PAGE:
PORT-AU-PRINCE,Haiti — Dazed survivors wandered past dead bodies in rubble-strewn streets Wednesday, crying for loved ones, and rescuers searched collapsed buildings as officials feared the death toll from Haiti’s devastating earthquake could reach into the tens of thousands.
The first cargo planes with food, water, medical supplies, shelter and sniffer dogs headed to the Western Hemisphere’s poorest nation a day after the magnitude – 7 quake flattened much of the capital of 2 million people.
Tuesday’s earthquake brought down buildings great and small — from shacks in shantytowns to President Rene Preval’s gleaming white National Palace, where a dome tilted ominously above the manicured grounds.
Hospitals, schools and the main prison collapsed. The capital’s Roman Catholic archbishop was killed when his office and the main cathedral fell. The head of the U.N. peacekeeping mission was missing in the ruins of the organization’s multistory headquarters.
At a triage center improvised in a hotel parking lot, people with cuts, broken bones and crushed ribs moaned under tent-like covers fashioned from bloody sheets.
“This is much worse than a hurricane,” said doctors’ assistant Jimitre Coquillon. “There’s no water. There’s nothing. Thirsty people are going to die.”
Bodies were everywhere in Port-au-Prince: those of tiny children adjacent to schools, women in the rubble-strewn streets with stunned expressions frozen on their faces, men hidden beneath plastic tarps and cotton sheets.
Haiti’s leaders struggled to comprehend the extent of the catastrophe — the worst earthquake to hit the country in 200 years — even as aftershocks still reverberated.
“It’s incredible,” Preval said to CNN. “A lot of houses destroyed, hospitals, schools, personal homes. A lot of people in the street dead. … I’m still looking to understand the magnitude of the event and how to manage.”
Preval said thousands of people were probably killed. Leading Sen. Youri Latortue told The Associated Press that 500,000 could be dead, but conceded that nobody really knows.
“Let’s say that it’s too early to give a number,” Preval said.
Haiti seems especially prone to catastrophe — from natural disasters like hurricanes, storms, floods and mudslides to crushing poverty, unstable governments, poor building standards and low literacy rates.
In Petionville, next to the capital, people used sledgehammers and bare hands to dig through a collapsed commercial center, tossing aside mattresses and office supplies. More than a dozen cars were entombed, including a U.N. truck.
Nearby, about 200 survivors, including many children, huddled in a theater parking lot, using sheets to rig makeshift tents and shield themselves from the sun.
About 3,000 police and international peacekeepers cleared debris, directed traffic and maintained security in the capital. But law enforcement was stretched thin even before the quake and would be ill-equipped to deal with major unrest.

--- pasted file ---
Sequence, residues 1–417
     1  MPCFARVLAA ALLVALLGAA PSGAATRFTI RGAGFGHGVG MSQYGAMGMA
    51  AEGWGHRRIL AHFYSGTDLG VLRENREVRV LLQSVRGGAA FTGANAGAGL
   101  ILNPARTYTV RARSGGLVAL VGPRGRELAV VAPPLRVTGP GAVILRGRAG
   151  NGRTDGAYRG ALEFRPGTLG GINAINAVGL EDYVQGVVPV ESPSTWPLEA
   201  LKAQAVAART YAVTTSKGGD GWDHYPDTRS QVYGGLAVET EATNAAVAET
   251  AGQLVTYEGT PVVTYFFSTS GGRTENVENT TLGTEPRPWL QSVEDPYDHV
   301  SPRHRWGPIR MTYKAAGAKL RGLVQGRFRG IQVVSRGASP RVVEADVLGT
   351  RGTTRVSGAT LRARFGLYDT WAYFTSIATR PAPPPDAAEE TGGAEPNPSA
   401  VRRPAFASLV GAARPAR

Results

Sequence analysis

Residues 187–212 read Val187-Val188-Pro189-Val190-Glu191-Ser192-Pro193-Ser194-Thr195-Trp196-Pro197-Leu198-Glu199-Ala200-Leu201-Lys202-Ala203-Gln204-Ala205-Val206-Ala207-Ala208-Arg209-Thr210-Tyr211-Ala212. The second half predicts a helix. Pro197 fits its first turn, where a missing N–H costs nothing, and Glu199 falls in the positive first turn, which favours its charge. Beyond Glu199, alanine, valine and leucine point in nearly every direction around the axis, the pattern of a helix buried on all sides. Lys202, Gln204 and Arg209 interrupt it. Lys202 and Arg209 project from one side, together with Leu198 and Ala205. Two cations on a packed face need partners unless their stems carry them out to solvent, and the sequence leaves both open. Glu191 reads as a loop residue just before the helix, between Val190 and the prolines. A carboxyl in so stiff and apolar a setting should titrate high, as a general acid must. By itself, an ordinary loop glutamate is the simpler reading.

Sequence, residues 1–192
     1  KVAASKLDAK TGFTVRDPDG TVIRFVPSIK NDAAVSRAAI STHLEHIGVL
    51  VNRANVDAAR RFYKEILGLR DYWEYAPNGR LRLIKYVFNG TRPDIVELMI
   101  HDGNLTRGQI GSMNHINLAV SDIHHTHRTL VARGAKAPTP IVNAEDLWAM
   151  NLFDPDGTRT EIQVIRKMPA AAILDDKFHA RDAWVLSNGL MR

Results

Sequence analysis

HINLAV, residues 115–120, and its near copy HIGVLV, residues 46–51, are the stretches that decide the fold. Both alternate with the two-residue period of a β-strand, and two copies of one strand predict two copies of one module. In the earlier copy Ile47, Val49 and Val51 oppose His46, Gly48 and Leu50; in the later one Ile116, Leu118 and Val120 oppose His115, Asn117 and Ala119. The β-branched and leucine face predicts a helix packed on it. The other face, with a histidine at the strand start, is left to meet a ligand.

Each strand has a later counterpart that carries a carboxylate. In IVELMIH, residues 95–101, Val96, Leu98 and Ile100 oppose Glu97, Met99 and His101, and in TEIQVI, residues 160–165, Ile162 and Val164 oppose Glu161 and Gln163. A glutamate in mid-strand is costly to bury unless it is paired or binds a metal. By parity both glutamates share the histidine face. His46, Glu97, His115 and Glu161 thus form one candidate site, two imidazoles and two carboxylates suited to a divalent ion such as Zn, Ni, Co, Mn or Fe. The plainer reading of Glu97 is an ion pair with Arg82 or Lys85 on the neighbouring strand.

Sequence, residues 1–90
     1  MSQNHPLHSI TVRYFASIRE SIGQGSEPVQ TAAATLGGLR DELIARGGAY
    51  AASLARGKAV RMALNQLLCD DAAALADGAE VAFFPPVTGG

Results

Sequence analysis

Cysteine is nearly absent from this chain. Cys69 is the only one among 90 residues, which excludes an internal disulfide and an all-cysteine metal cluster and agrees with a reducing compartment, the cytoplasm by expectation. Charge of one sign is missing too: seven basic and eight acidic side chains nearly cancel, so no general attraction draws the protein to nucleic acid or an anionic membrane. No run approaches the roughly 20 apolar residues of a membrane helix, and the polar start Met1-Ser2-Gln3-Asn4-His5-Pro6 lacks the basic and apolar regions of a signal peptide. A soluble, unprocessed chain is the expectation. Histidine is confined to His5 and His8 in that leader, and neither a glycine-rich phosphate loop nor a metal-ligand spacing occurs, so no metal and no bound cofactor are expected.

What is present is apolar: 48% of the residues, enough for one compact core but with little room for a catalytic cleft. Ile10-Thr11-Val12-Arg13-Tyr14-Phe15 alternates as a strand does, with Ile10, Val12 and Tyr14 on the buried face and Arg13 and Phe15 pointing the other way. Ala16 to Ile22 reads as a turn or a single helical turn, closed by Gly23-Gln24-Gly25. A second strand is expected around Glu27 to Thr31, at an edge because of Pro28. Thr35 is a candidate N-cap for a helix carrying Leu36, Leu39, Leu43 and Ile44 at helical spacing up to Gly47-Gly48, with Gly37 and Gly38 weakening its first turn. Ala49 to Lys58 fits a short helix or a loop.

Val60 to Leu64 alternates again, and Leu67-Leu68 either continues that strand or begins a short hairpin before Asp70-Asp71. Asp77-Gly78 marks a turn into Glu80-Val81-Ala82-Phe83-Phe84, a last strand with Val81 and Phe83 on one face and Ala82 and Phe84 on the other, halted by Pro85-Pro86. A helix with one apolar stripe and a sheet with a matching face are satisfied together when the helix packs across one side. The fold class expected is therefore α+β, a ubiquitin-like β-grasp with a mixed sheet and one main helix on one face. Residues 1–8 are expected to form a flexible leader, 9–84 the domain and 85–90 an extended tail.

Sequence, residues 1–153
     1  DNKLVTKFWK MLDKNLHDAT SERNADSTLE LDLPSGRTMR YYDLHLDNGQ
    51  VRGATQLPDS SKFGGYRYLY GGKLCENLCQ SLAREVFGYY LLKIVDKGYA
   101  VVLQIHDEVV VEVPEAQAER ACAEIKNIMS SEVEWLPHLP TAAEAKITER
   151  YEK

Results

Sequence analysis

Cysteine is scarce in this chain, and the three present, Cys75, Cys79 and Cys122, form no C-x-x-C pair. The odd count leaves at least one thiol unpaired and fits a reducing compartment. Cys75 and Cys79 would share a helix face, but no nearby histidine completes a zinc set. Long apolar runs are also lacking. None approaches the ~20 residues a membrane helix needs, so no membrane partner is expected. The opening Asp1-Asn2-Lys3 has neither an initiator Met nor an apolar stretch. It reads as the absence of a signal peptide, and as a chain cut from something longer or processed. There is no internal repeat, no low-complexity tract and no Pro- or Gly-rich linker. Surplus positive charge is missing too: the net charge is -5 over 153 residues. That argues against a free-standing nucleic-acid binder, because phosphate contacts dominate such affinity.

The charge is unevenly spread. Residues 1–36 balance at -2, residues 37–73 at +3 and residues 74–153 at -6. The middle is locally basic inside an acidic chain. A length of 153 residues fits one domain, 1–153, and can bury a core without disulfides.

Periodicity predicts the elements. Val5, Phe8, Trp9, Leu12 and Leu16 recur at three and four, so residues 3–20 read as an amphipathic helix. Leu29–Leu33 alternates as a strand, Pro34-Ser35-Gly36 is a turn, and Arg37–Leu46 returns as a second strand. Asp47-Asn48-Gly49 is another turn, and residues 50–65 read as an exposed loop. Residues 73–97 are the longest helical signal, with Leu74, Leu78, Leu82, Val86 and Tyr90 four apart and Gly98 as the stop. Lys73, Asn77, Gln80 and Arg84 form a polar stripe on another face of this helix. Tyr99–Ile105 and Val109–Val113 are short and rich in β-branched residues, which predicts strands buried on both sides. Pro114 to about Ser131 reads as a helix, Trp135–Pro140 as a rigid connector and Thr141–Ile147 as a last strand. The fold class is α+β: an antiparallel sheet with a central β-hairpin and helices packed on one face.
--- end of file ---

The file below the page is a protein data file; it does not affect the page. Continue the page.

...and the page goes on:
An American aid worker was trapped for about 10 hours under the rubble of her mission house before she was rescued by her husband, who said to CBS’ “Early Show” that he drove 100 miles to Port-au-Prince to find her. Frank Thorp said he dug for more than an hour to free his wife, Jillian, and a co-worker, from under about a foot of concrete.
The international Red Cross said a third of the country’s 9 million people may need emergency aid, a burden that would test any nation and a crushing catastrophe for impoverished Haiti.
President Barack Obama promised an all-out rescue and humanitarian effort and American officials said they were responding with ships, helicopters, transport planes and a 2,000-member Marine unit, as well as civilian emergency teams from across the U.S.
“We have to be there for them in their hour of need,” Obama said.
Port-au-Prince’s ruined buildings fell on both the poor and the prominent: The body of Archbishop Joseph Serge Miot, 63, was found in the ruins of his office, according to the Rev. Pierre Le Beller at Miot’s order, the Saint Jacques Missionary Center in Landivisiau, France. Senate President Kelly Bastien was among those inside the Parliament building, and a day later had stopped responding to rescuers’ cries, Latortue said.
Haiti’s quake refugees likely will face an increased risk of dengue fever, malaria and measles — problems that plagued the impoverished country before, said Kimberley Shoaf, associate director of the UCLA Center for Public Health and Disasters.
Some of the biggest immediate health threats include respiratory disease from inhaling dust from collapsed buildings and diarrhea from drinking contaminated water.
U.N. mission head Hedi Annabi of Tunisia was among about 150 people missing, mostly at the headquarters building, said peacekeeping chief Alain Le Roy. Brazilian Foreign Minister Celso Amorim said Annabi’s chief deputy, Luis Carlos da Costa, was missing as well.
Le Roy said only about 10 people had been pulled out, many of them badly injured.
Brazil’s army reported that at least 11 of its peacekeepers were killed. Jordan’s official news agency said three of its peacekeepers were dead.